I don't have anything on what makes things official. I don't know how it works or the history of how it did. I just know what's official (sometimes).

Besides, you can easily ask the reverse question and get no answer here. 'Why is some art that doesn't fit the -punk definition considered part of a -punk genre?'

I'd like to know that, as it would enlighten me.

I have no idea where to start looking, though.

I_Write_Ivre
Again, I'm just parroting someone far more articulate than myself; perhaps they should be the one for you to ask.


Well, the question is really open to anyone in this thread. And are you referring to Miramelle?

Probably. She might know, but she might not.
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I_Write_Ivre
I said 'society' not 'the general public'. Whatever part of society is involved decides it. I'm not part of that and neither are you.


Why not? We're still seeing literary works being produced under these names in our time. And new names like Mystic Punk are being pioneered quite often. You've already made a decision that Mystic Punk isn't a valid term, and I've made a decision that it is. Doesn't that make us involved and our opinions both worth taking into account?

I_Write_Ivre
Neither of us can rewrite the dictionary, but if I say 'egg' means 'to perform a foul move in cricket' I'm wrong.


I don't think that's a comparable example. An egg is a tangible, visible object. Genres and subgenres of literature are not, and have already proven themselves open to opinion and debate. I also don't think you'll find a dictionary that gives a definition of the -punk suffix.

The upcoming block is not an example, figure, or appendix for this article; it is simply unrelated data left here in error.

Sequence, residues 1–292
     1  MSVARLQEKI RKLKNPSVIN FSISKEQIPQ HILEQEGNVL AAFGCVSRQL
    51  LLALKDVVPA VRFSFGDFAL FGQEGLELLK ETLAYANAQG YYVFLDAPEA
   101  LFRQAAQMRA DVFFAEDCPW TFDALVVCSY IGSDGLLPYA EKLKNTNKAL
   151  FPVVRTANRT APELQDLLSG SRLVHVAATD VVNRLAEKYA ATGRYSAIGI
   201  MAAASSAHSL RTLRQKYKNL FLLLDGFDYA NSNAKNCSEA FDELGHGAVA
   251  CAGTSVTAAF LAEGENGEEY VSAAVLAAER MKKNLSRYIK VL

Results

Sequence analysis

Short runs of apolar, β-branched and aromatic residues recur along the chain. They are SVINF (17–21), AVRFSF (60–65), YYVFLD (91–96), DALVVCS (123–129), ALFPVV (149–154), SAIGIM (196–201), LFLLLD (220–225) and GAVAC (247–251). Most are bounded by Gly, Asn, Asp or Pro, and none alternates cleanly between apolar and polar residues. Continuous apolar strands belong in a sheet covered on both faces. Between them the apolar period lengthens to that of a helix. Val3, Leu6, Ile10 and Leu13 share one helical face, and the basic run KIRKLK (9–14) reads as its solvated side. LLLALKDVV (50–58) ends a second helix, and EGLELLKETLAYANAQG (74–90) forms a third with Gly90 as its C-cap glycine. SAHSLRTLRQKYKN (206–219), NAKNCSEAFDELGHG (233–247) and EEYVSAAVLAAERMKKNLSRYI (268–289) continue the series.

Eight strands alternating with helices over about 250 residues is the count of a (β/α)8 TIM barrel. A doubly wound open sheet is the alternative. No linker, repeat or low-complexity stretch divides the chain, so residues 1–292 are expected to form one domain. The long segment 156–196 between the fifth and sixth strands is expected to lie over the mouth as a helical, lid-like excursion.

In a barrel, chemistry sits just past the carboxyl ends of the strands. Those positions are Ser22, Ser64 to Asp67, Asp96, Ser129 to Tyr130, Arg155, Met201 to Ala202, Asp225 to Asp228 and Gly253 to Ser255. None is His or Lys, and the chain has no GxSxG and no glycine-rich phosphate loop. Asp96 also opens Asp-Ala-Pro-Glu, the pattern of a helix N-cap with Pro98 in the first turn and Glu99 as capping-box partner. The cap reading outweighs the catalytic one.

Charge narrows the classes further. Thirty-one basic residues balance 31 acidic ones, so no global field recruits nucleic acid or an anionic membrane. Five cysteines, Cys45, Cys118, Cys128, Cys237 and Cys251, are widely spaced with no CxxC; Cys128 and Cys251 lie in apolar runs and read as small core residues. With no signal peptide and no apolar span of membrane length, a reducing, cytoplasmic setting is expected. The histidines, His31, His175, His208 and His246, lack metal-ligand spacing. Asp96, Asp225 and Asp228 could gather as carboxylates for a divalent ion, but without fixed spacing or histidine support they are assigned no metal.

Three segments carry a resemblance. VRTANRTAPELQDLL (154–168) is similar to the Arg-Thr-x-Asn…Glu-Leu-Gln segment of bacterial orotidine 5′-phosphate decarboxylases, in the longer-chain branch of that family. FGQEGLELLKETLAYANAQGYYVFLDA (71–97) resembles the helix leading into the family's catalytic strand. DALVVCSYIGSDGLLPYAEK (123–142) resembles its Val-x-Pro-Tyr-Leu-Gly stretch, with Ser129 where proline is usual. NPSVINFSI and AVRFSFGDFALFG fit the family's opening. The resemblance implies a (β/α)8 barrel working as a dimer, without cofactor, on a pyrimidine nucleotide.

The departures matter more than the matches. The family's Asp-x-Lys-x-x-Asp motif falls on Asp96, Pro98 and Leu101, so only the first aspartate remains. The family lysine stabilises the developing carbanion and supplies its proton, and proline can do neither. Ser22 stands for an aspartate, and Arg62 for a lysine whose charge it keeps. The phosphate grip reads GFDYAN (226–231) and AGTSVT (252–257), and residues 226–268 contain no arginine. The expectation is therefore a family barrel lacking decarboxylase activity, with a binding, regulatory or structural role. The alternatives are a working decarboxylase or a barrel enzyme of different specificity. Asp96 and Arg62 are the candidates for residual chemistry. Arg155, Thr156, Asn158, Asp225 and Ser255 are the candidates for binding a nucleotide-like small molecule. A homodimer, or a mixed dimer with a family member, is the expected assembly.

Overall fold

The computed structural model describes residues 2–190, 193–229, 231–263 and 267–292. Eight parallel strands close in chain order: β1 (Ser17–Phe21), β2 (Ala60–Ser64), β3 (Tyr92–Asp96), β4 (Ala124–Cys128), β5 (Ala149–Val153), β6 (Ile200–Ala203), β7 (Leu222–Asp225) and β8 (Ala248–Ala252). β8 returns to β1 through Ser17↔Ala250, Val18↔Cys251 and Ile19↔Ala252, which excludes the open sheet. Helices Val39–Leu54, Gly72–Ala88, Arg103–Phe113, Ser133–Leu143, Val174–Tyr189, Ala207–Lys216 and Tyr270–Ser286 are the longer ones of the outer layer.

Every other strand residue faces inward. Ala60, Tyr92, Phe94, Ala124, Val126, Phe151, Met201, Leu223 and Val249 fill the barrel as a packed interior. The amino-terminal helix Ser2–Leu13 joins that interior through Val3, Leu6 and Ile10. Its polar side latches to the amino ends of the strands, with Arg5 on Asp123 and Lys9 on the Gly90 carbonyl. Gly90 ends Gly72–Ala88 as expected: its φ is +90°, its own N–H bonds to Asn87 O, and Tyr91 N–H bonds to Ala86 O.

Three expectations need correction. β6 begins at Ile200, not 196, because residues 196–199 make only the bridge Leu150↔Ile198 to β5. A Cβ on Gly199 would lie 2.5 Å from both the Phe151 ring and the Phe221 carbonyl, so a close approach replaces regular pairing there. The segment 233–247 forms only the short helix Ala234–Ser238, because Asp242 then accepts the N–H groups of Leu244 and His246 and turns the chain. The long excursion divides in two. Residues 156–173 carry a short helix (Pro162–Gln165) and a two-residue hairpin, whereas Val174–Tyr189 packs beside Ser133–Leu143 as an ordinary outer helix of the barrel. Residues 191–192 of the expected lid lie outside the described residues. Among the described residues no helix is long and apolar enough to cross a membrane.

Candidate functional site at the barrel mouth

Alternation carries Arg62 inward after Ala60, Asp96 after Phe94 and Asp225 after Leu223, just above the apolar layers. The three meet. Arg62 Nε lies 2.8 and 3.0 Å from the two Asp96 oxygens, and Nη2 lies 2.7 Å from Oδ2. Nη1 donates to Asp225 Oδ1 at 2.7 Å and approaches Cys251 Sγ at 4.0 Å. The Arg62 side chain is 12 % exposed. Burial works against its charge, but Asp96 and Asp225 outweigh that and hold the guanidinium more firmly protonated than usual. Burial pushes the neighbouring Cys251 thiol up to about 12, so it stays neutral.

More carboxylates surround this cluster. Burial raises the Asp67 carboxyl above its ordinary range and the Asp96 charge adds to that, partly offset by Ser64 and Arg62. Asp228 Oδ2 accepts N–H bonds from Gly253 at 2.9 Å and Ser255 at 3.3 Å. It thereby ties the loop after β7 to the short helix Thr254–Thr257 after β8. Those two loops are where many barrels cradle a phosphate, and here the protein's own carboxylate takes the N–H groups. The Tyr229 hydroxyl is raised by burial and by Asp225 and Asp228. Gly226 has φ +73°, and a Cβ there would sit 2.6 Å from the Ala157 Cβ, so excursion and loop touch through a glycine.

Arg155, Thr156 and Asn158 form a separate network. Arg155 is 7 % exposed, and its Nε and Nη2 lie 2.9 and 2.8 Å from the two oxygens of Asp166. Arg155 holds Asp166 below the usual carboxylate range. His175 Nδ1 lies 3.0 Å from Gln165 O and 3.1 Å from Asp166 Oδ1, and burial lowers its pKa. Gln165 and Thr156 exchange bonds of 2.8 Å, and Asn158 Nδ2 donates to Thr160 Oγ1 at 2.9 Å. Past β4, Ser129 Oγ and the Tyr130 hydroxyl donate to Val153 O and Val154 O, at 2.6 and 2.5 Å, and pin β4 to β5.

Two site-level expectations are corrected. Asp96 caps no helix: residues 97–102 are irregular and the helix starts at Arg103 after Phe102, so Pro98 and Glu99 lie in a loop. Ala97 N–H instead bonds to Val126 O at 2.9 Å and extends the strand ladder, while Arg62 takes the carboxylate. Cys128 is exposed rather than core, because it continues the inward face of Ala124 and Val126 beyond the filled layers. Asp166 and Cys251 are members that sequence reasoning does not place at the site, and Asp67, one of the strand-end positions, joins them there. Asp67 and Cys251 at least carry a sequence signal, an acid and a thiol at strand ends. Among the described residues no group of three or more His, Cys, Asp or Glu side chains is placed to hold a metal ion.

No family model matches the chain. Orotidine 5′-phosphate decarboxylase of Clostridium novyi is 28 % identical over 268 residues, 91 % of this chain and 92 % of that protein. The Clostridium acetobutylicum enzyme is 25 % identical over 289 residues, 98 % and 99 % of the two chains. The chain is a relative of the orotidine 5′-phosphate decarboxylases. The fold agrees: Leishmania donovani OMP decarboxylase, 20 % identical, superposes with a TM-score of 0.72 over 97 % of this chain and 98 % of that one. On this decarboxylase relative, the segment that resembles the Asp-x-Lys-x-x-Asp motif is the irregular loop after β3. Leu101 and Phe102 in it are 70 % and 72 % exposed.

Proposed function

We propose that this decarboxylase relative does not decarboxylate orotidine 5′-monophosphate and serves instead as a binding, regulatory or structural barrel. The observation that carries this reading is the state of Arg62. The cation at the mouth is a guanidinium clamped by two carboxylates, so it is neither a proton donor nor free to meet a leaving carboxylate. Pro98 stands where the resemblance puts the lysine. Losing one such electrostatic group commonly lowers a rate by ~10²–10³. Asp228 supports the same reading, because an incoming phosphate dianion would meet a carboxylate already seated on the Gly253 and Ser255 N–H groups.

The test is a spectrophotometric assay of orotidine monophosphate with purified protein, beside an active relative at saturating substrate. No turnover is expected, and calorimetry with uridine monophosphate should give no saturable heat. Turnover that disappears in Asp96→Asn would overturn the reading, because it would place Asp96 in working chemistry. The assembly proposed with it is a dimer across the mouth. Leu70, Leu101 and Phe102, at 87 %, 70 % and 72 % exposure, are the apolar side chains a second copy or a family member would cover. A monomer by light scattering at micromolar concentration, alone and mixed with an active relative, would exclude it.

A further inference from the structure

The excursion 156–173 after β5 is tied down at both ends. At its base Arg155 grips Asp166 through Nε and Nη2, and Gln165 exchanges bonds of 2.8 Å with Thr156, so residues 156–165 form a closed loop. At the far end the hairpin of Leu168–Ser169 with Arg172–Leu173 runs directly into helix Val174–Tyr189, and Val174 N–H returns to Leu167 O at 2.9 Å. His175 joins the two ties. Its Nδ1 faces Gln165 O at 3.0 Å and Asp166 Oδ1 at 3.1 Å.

I_Write_Ivre
Playing devil's advocate doesn't work here. First, I already said I didn't know. Second, there are things that are and are not official when it comes to literature. It's a given, like the sky being blue and needing to use proper spelling. Third, when you play devil's advocate, you need to actually know about what you're asking, not just be a parrot or broken record.


But if you don't know what makes it the official definition of -punk, what makes you so sure that it is official? Where does your information come from? I've searched what you told me to search and I didn't find any sources that agree with you, just more differing opinions. This is your opinion on what constitutes a Punk subgenre. That's fine, but you can't just argue "it's official because it is, just like the sky is blue because it is". There's a scientific reason for the sky being blue. As of yet I don't think any scientist has investigated the Punk suffix.